When pelvic pain forced Michelle Cannava to the emergency room, doctors discovered a tumor the size of a baby’s head. She was diagnosed with ovarian cancer.
It’s hard to believe that her deep brown eyes and her smile were once distracted by something else – something physically out of place. But Michelle Cannava shows pictures and explains that there was something wrong – something that she ignored.
She was 49, the mother of three adult children and yet, her stomach was extended well beyond the surface of her slender frame.
It was 3 a.m. in early April when she headed to the emergency room of a hospital near her Brazil, Ind. home.
“I knew going in whatever was happening to my body was bad. It was time to face it but I still hoped it was something less scary than cancer. Cancer was the thought I couldn’t shake,” said Cannava.
Her fears were confirmed. She was diagnosed with ovarian cancer, the fifth in cancer deaths among women. The American Cancer Society estimates a woman’s risk of getting ovarian cancer in her lifetime is about 1 in 78. Her chance of dying from ovarian cancer is about 1 in 108. About 22,240 women will be diagnosed with ovarian cancer.
September is National Ovarian Cancer Month – a time to remind women of signs, symptoms, diagnosis, and treatment. The most common symptoms are bloating, pelvic or abdominal pain, trouble eating or feeling full quickly, and urinary symptoms such as urgency and frequency.
The American Cancer Society warns that these symptoms may be linked to other conditions but if a women experiences them more than 12 times a month, she should contact her physician.
“I know they call ovarian cancer the ‘silent killer’ because sometimes the symptoms are subtle, and it’s more difficult to detect, but in hindsight I knew there was something wrong for a long time and I had been ignoring the symptoms,” said Cannava, a patient of hematologist/oncologist Dr. S. Hamid H. Sayar.
With three adult children, Cannava and her husband Mike Pendley had just made some changes in their life. She left a demanding career in search of what she calls a simpler life. They sold their large home in an Indianapolis suburb and moved to a 30-acre farm in historical Brazil, Ind.
“We were doing what so many people yearn to do – leaving the rat race to live out the next stage of our lives somewhere tranquil where we could submerge ourselves in what we loved to do rather than what we had to do to make a living,” said Cannava. They downsized to a 1,200-square-foot log cabin and built doggie condos for their five Labrador retrievers. They planted a garden and spent their free time shopping at local flea markets and taking in small town festivities such as horse pulls, tractor demolition derbies and chicken and noodle dinners. Cannava joined the Rotary Club and began volunteering at the local Humane Society. In short, she was enjoying life to the fullest. But she was also working hard to reject the idea that she might be sick.
“I would glance at the pot belly that I had started to struggle with and call it a ‘middle-aged pooch.’ At the same time my brain was saying ‘you know Michelle, sometimes woman suddenly get a belly and discover they have a large tumor.’ Then I would dismiss it because it scared me,” said Cannava.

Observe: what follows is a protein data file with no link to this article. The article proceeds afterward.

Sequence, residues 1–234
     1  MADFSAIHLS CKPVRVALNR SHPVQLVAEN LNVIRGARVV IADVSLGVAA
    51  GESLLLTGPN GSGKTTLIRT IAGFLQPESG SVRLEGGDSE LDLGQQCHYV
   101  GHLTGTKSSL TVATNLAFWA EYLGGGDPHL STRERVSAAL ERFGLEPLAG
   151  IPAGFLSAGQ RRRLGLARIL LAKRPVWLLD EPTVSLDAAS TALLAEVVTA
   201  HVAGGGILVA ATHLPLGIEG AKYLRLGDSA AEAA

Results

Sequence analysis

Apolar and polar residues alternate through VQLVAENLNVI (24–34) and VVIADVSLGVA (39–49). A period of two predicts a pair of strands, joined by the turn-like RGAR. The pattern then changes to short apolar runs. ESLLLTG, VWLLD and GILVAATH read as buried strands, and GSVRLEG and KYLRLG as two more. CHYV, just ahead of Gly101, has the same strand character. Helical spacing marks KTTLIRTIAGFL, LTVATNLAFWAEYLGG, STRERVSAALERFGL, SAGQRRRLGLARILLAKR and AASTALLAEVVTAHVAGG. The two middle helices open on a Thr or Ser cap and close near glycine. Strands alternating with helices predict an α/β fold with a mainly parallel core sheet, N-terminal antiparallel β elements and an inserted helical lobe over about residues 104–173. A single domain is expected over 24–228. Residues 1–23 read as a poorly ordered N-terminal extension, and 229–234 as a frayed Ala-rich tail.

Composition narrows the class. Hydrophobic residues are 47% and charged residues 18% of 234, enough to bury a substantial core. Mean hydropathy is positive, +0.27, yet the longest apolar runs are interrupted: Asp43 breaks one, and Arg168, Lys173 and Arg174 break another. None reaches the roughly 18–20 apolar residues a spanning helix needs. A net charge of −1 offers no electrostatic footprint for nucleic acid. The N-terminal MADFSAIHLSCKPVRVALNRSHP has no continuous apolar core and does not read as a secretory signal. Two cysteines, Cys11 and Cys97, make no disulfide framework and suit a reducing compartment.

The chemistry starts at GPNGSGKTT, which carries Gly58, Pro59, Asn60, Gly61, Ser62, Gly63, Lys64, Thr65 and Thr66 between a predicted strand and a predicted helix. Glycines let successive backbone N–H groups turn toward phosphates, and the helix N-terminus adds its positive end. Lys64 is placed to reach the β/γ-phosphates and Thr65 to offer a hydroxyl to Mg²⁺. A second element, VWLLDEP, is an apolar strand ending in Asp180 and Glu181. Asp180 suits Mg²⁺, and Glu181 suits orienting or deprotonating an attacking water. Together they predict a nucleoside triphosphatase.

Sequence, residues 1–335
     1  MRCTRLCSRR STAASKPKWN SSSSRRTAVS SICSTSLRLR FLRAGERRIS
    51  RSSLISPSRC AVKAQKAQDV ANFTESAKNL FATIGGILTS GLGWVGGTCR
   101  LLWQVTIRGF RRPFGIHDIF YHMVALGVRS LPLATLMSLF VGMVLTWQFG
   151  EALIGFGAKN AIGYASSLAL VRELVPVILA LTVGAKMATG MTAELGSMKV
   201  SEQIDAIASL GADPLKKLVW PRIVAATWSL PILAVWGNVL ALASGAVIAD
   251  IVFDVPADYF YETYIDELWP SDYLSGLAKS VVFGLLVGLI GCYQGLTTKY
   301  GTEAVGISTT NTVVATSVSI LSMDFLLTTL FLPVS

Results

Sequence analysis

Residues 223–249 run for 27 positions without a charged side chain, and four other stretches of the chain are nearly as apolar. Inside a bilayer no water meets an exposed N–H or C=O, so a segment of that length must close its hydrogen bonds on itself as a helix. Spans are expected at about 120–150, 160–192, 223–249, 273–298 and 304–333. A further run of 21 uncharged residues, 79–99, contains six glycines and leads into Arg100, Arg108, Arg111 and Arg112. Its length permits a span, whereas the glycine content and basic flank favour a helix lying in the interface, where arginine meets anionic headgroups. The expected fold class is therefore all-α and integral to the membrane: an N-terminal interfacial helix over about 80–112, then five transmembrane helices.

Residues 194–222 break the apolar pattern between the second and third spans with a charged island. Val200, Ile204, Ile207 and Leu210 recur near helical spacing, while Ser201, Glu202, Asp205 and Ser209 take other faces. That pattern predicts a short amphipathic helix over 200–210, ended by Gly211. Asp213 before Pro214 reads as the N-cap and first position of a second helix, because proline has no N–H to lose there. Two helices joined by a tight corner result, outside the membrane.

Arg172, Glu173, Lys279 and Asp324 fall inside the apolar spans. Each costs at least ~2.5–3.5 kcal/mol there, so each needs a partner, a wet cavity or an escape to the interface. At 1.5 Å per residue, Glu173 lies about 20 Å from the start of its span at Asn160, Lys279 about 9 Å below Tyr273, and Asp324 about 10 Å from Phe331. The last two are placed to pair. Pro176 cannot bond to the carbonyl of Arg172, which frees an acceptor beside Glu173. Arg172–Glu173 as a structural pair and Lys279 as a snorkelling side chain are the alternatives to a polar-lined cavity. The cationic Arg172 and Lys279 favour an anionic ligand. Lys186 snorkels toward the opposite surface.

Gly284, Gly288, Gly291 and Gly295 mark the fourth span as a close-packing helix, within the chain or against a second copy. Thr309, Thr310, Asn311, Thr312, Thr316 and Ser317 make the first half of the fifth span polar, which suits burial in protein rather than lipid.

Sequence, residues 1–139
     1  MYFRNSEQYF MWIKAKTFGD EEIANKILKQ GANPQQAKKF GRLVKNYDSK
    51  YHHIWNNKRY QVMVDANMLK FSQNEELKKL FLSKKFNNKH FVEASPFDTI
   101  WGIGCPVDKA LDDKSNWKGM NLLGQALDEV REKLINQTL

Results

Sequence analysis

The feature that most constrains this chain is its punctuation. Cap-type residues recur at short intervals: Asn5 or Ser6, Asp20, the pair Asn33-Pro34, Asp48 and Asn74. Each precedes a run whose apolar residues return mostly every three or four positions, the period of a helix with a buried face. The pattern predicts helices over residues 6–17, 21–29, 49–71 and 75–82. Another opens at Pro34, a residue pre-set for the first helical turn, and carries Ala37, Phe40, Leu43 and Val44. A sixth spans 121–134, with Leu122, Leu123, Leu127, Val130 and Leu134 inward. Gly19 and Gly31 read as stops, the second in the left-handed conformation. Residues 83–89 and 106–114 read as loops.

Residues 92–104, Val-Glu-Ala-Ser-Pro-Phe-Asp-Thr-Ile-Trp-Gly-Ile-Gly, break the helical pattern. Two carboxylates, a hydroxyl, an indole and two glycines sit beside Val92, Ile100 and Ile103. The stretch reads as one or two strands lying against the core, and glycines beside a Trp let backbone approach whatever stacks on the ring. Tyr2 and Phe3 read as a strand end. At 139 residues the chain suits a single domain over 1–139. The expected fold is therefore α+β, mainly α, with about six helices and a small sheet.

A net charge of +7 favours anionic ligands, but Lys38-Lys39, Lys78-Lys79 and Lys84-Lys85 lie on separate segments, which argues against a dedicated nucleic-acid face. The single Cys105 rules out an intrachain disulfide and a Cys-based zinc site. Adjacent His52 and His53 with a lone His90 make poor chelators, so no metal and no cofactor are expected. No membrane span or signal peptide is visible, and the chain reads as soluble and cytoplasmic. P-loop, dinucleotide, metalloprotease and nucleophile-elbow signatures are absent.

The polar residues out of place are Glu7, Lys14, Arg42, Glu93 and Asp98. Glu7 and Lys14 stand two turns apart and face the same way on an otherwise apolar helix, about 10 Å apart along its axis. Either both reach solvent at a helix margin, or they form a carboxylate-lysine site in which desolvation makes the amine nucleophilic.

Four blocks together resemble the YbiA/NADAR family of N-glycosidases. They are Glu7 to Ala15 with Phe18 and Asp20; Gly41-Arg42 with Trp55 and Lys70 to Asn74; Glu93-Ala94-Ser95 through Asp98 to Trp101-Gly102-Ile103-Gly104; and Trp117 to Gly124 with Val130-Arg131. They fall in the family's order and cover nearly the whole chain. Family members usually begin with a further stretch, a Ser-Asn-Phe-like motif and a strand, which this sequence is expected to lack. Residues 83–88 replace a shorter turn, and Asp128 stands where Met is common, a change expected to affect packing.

In November 2017, her volunteer role with the Humane Society changed to a staff position. She was busy managing the shelter, loving on animals, making media appearances and promoting a cause that she was passionate about. But five months into her new position, her symptoms increased – including back pain and reoccurring headaches. She ended up in the emergency room.
“That night they discovered a tumor the size of a baby’s head in my pelvic region. The tumor had pushed my colon to the opposite side of my body, was putting pressure on my bladder and displacing other internal organs,” said Cannava. Surgery followed to remove the mass, along with a full hysterectomy. Two days later, doctors at her local hospital told her she had Stage II Ovarian cancer. She began chemotherapy.
“After my first infusion I began to doubt my choice to be treated at that cancer center. I left every appointment confused and didn’t feel like I was being heard so I started the process of researching other cancer centers in the Indianapolis area and found IU Health Simon Cancer Center,” said Cannava. She began her second infusion within a week and was scheduled for surgery to repair a surgical hernia.
“The difference has been incredible. I literally cried my first appointment and felt like I was ready to fight this and had a true team behind me,” said Cannava, who is more than halfway through her treatments.
“My advice to woman is to not ignore symptoms. I believe there are others out there like me who know something scary is happening to their bodies but are too afraid to face it. Woman have an intuition that more often than not is accurate. I was lucky that the pain became bad enough that I was forced to face it before the cancer progressed to a later stage,” said Cannava. “It would be easy to say that after all the steps we took to simplify our lives that this is unfair but I prefer to believe that God set it up to happen exactly that way. I believe that we needed to be in a more serene setting and I needed to be doing something I loved in order to fight this. The animals I work with seem to sense my illness and have a way of gazing into my eyes and letting me know it’s ok. Together we are saving each other.”
— By T.J. Banes, Associate Senior Journalist at IU Health.
Reach Banes via email at T.J. Banes or on Twitter @tjbanes.